Compliance "built-in" through agile management

Picture of Stefan Vieweg

Stefan Vieweg

April 13, 2018

Data misuse at Facebook and scandals in the automotive industry are just a few examples: Compliance violations regularly become a reality. By making them public, they cause considerable damage - but where do companies need to start internally to bring about positive change? After the first part Challenges on the way to compliance "built-in" the following article provides you with a compass. How to successfully "build-in" compliance: through agile management.

Agile management - implemented correctly - ensures the necessary compliance culture as a side effect

In contrast, decentralized teams have a common (value) understanding, as they feel connected to "their cause" and a continuous striving for optimization. This approach revolutionized the software industry 17 years ago and is simply the only chance to meet the challenge of growing complexity and dynamism with high-quality products. In today's digitalization, virtually no company can do without points of contact with IT.

Two examples illustrate the actual dimensions of this simple-sounding statement:

  • Mass products such as smartphones are equipped with >100 million(!) lines of source code and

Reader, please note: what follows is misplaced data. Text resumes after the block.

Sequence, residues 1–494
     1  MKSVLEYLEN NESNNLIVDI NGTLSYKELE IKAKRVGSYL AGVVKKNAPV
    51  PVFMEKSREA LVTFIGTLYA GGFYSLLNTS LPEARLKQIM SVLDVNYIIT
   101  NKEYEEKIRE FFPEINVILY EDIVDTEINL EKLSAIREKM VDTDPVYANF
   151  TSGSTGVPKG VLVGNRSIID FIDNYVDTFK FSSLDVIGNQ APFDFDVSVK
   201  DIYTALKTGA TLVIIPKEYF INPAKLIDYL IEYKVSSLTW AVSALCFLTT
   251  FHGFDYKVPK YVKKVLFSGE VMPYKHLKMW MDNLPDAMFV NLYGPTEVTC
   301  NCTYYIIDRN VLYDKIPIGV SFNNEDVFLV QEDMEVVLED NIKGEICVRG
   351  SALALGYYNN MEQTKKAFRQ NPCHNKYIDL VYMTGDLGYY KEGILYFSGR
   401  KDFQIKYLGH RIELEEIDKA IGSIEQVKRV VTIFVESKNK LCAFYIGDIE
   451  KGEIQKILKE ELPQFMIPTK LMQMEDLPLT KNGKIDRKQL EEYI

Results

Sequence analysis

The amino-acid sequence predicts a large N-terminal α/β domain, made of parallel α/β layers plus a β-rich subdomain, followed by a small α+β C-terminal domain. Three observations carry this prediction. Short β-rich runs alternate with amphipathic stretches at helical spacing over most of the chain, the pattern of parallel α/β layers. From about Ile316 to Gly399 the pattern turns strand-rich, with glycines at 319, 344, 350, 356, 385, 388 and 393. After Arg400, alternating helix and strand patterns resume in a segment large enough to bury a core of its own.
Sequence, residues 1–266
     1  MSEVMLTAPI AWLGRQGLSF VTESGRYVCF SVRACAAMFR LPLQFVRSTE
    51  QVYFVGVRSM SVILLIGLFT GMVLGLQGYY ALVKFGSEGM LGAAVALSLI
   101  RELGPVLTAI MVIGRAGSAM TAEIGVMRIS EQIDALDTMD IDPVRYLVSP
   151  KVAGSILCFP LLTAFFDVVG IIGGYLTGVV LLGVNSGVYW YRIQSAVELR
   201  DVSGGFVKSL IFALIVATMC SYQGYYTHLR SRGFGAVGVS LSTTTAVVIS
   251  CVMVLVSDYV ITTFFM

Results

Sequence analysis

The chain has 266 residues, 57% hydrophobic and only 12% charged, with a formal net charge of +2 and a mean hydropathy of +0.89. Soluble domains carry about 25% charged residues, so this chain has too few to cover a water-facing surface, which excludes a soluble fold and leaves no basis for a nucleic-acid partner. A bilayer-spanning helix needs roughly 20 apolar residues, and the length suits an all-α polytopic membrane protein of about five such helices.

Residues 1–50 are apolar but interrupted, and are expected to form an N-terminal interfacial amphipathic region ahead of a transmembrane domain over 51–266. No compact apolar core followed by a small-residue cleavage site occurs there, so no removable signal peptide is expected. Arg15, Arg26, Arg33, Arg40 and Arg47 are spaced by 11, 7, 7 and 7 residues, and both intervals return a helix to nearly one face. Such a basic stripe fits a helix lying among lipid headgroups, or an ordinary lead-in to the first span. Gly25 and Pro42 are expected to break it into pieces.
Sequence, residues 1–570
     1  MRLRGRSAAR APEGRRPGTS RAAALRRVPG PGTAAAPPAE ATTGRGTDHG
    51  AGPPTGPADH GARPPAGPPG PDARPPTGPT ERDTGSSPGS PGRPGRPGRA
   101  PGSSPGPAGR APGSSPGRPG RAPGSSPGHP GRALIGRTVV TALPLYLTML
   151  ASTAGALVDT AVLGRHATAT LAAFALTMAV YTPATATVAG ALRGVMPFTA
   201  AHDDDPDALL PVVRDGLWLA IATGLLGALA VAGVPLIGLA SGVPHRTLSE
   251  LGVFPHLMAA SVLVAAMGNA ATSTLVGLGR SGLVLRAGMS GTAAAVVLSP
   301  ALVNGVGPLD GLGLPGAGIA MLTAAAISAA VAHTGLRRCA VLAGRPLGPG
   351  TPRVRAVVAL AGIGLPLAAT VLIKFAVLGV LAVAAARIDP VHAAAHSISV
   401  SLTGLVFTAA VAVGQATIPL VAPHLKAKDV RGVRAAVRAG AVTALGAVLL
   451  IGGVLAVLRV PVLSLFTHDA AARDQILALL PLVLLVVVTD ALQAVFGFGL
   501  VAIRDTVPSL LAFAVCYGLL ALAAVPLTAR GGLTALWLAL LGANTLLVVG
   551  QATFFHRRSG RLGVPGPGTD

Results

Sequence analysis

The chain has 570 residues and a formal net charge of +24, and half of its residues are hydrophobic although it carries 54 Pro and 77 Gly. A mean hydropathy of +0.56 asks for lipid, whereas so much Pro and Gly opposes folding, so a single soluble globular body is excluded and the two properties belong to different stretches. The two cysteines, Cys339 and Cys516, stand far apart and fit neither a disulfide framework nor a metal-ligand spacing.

• Amazon launches more than 10,000 software updates - per day, mind you!

Traditional management approaches were initially consistently replaced in the IT industry by agile, self-responsible and independent teams. Even in large organizations, a suitable lean-agile approach such as SAFe[i] both

  • "Time-to-market" and quality by up to 75 percent
  • as well as productivity and employee engagement by up to 50 percent

be increased.

Spurred on by electromobility and the threat from US internet giants, automotive companies are also trying to switch to agile management. Other examples can be found in countless industries such as banking and insurance, logistics, the service sector, ...

How can it work - letting teams do things independently and without "orders from above"? And what does this have to do with compliance?

What makes agile management better

Decentralized, independent teams are responsible for continuous product and service improvements, which are presented to clients in short cycles (one to four weeks). marketable results (as opposed to a "progress report" without concrete results). This is only possible with a lived Team culturewhich promotes agile management and is based on the following elements: